Beauty at first was sadly grieved at the loss of her fortune; but she had ever found that if she made herself smaller, life would trouble her less. Beauty rose at four in the morning, and made haste to have the house clean, and dinner ready for the family. No one paid her for it, and no one thanked her for it, either, and so gradually she ceased to think of it as work and began to think of it as her nature. She expected it from herself as others expected it of her, and who can be grateful for what is supposed to come naturally?

After she had done her work, she read. Reading was, as ever, her great comfort. And still she only answered to Beauty. Her reasons were her own.

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The Nine

Beginnings: I was born on a Tuesday. On the same day that the first of two cyclones in less than a month killed 35,000 in India. On the same day as the birth of Salvador Dali, whose twisted, surreal visions unsettle me.

First Memory: I watch as my sister and friend run down a hill, laughing, tumbling like kittens, while my feet were held solidly to the ground by metal braces.

Irony: The old rhyme says Tuesday’s child is full of grace.
Grace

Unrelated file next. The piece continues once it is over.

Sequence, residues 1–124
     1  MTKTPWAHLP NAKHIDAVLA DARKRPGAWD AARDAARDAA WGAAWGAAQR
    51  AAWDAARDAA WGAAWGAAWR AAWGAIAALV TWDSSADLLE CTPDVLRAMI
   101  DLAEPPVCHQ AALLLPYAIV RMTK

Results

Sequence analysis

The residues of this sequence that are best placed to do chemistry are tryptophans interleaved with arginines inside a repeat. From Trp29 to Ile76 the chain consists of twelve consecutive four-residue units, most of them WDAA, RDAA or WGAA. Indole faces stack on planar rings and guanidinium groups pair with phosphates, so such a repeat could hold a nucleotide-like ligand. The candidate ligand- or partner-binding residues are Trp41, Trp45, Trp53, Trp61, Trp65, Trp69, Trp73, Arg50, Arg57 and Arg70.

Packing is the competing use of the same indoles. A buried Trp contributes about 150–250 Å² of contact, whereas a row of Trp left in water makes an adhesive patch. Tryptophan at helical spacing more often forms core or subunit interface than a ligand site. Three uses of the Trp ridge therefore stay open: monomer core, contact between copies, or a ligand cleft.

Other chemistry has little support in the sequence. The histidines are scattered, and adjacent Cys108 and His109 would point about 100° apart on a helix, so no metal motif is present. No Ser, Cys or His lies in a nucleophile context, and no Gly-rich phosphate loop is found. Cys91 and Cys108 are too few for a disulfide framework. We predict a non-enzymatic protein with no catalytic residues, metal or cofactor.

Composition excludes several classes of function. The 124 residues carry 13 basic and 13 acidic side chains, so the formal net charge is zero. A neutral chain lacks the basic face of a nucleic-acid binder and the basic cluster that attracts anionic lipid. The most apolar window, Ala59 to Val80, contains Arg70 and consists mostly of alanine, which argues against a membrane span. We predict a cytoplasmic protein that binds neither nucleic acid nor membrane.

a: unmerited divine assistance given humans for their regeneration or sanctification.
b: a special favor.
c: ease and suppleness of movement or bearing.

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“Ozten”: Emma for Australians

Previously in this series: “Ozten”: Pride and Prejudice for Australians

Emma Woodhouse, Ems, bright, skilled, with a happy disposition and a preoccupation with jam and her friends and the Great British Bake Off (and its offshoot, the Great Australian Bake Off, filmed in distant Melbourne). She loves knitting and amigurumi, which her great childhood friend Knightley regrets ever mentioning to her after he returned from a trip to Japan, and reaches 22 with a university degree in modern art and creative writing, and the vexing, tiny knowledge that she’s never won best jam outside of the under 15s at the Swan View Show.